Impartiality and Finding Common Ground

On 14th November, SEEN was invited to participate in the “Navigating Difference Finding Common Ground” webinar, and interfaith and belief event, which formed part of Faith and Belief Week 2023. This was our presentation, given by a SEEN co-chair, as a part of the panel.


We’d be the first to admit that SEEN - the Sex Equality and Equity network - is a strange one.

We’ve been a cross governmental network for a year, and our journey has certainly been unconventional: at times controversial, sometimes even fractious. It’s also taught us something about the importance of a fair and demonstrably impartial workplace, and about how we might find common ground when we profoundly disagree. I’d like to share these thoughts today.

But first: a mystery. We are not the only network underpinned by a clear set of beliefs. The same is also true of both the Gender and LGBT+ networks. These are often stated as ‘trans women are women, trans men are men and non-binary identities are valid’. Conversely, our position can also be stated very briefly as: sex is binary and immutable and matters more than gender. So why were we the ones that ended up as a ‘faith and belief’ network? Well, the answer is because until 2019 you could be fired for voicing these views in the workplace. The now famous Forstater case changed that, confirming that our views are worthy of respect in a democratic society. And so - our belief protected - the rest is history.

I’d like to just repeat something again. Back in 2019 people were being fired for expressing these views. And even now it can still be taboo to state what ten years ago would have been utterly unremarkable. How did this radical shift happen? We see some of the explanation lying in well-intentioned workplace activism, perpetuated through training, webinars, blog posts and even email signatures; an activism which became so prevalent that our members tell us they felt shamed and even coerced into demonstrating a particular set of beliefs.

But does that even matter if this results in a kinder, more diverse and inclusive workplace?

Well, the first question is whether it really does. On the surface such workplaces may appear united, but the veneer of harmony presides over deep discomfort and fear. We don’t think employees should have their thoughts and beliefs policed, or be pushed into demonstrating adherence to an ideology they don’t share. More importantly, we don’t think anyone benefits from this approach.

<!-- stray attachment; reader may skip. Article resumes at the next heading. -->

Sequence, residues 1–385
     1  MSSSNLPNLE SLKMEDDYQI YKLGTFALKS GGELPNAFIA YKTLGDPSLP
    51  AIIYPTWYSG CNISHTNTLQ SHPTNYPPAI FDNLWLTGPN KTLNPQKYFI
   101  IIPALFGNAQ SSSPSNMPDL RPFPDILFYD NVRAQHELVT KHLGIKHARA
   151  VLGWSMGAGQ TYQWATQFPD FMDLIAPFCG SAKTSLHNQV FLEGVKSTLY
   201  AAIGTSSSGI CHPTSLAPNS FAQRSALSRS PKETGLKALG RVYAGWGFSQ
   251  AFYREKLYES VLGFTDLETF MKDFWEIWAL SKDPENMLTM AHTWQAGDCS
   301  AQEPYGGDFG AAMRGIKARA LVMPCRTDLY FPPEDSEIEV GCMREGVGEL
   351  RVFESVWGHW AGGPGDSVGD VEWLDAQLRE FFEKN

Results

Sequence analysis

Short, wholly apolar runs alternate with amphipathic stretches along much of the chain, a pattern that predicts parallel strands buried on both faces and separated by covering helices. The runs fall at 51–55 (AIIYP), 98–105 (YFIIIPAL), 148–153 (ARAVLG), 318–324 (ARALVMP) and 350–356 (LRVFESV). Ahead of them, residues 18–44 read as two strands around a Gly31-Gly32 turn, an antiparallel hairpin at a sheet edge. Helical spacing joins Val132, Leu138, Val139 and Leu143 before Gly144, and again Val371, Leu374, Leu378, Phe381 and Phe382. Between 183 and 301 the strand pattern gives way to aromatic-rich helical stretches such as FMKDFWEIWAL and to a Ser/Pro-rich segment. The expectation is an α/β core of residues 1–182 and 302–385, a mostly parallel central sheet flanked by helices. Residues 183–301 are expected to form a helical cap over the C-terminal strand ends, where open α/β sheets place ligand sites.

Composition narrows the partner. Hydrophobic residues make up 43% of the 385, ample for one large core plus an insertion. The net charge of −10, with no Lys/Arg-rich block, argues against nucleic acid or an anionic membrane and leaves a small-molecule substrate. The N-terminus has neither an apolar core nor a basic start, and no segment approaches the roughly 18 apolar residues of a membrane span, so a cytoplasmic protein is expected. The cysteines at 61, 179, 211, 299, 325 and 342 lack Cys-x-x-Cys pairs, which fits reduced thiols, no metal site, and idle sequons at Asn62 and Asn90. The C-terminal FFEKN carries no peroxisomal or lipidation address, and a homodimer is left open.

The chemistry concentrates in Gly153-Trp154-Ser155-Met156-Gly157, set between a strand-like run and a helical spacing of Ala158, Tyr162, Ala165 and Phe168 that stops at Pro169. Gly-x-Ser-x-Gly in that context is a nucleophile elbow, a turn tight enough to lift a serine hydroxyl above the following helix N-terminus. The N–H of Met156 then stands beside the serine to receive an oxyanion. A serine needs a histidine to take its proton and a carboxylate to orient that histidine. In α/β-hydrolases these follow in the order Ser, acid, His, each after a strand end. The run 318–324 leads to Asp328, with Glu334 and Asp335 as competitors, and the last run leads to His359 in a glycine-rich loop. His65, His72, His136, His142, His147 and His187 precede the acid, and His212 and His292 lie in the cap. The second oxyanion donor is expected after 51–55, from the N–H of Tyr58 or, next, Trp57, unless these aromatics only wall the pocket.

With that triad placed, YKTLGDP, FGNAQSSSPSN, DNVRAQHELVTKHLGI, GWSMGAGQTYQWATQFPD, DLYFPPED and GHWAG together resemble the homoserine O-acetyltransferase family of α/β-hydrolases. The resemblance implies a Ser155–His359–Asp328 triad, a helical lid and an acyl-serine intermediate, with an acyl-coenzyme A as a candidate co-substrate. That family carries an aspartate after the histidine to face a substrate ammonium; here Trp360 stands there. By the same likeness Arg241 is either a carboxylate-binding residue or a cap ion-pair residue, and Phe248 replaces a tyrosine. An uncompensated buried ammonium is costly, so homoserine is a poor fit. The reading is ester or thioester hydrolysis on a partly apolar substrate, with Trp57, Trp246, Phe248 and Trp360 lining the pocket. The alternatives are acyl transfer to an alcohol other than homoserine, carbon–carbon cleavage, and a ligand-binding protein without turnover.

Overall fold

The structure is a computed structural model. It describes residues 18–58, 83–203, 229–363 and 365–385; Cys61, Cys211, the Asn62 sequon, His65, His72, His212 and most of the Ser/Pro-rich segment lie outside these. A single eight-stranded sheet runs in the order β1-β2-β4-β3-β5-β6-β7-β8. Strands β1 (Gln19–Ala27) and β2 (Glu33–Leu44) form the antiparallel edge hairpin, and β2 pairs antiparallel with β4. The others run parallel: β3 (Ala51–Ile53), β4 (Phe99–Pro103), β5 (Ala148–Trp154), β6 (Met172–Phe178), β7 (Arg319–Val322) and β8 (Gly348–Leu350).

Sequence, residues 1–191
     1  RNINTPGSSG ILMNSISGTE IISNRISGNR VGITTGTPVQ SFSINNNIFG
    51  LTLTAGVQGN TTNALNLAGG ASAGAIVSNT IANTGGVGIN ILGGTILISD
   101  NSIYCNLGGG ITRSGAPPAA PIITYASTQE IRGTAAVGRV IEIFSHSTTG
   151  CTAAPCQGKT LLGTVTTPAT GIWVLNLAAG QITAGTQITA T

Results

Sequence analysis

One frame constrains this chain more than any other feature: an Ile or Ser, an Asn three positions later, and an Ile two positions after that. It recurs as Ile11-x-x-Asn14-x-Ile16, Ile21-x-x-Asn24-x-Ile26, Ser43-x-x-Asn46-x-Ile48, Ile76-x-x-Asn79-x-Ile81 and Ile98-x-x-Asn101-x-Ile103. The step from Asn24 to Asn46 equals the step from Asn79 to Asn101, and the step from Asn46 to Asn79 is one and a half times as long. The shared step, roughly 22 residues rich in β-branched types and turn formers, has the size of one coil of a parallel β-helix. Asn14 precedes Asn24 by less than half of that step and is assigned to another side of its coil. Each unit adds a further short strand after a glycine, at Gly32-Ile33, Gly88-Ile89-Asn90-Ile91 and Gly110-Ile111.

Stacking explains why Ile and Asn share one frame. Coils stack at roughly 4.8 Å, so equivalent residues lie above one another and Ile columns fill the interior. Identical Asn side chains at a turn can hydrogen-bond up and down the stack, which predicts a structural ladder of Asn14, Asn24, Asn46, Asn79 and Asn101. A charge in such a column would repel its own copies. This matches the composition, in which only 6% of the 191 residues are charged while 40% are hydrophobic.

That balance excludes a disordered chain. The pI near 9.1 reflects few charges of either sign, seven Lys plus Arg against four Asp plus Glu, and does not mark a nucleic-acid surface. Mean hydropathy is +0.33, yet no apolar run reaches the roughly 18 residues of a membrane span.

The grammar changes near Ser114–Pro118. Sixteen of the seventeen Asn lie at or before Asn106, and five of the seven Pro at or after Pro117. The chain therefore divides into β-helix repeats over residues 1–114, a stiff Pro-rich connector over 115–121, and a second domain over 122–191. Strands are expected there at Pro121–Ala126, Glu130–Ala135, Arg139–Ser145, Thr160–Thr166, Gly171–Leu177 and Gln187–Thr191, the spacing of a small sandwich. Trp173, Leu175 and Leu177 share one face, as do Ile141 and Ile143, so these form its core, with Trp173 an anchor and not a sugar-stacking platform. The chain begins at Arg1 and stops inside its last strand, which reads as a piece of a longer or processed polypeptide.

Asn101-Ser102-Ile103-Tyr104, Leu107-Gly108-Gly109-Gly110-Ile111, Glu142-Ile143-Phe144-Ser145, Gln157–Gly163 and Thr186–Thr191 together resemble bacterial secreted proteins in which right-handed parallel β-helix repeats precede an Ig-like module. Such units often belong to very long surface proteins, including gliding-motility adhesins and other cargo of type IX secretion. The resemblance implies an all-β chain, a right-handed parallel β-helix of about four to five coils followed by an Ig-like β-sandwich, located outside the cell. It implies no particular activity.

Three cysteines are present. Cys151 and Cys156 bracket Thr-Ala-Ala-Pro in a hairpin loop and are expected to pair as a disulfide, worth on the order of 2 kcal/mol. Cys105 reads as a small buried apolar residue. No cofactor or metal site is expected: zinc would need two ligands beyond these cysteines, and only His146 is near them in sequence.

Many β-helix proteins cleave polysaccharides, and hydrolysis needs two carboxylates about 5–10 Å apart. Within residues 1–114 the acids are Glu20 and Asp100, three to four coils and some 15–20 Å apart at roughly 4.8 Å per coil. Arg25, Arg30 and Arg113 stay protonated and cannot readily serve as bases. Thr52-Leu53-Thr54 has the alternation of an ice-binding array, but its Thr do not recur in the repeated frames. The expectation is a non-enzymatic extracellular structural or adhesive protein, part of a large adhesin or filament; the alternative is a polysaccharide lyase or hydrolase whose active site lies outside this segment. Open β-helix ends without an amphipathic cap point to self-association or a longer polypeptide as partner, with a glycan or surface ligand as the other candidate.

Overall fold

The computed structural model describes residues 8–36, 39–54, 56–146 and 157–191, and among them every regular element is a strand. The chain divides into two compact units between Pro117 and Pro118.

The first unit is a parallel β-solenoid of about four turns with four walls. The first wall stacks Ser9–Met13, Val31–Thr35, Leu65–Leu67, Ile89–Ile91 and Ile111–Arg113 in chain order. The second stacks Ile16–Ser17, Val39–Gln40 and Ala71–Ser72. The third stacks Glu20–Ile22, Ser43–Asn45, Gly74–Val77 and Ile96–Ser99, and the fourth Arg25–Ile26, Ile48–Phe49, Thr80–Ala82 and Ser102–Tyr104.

Our network can also be understood as a pushback against this enforced homogeny: the idea that ‘kindness’, ‘inclusivity’ and ‘diversity’ come via only one set of beliefs and fall under only one flag. We don’t think harmony is achieved by making everyone pretend to believe the same thing. And because we’ve seen these dangers, we have no desire to replace one activism with another. I’ll even let you into a secret about our end-game. What we are aiming for is a return to the impartiality which - at its best - characterises the Civil Service. Then we’ll happily hang up our SEEN lanyards.

But what’s so great about impartiality? It sounds cold and indifferent. But our experience is that in practice it can operate to do something magical. Impartiality is nonjudgmental and fair. It accepts that the workplace can’t be made perfect, it will always reflect our wider, complex society. It recognises that it’s not the role of our employer to forge us into anyone’s vision of what a better human being looks like. The real world and the people within it are subtle, complex and interesting.

There will always be differences between us. But genuine impartiality allows for difference and diversity to flourish. And diversity is a vital part of the Civil Service’s success. Our steering group came together through our shared interest in this issue, but accidentally formed a microcosm of the diversity that we think makes the Civil Service great. Within our small group we have members of four different faiths (and others of none), those from a range of social and ethnic backgrounds, some who are lesbian or gay and – of course – both men and women. There are huge differences between us, in outlook, approach, background and personality. Working with this extraordinary group of people has taught me first hand how true diversity can make a team more than the sum of its parts.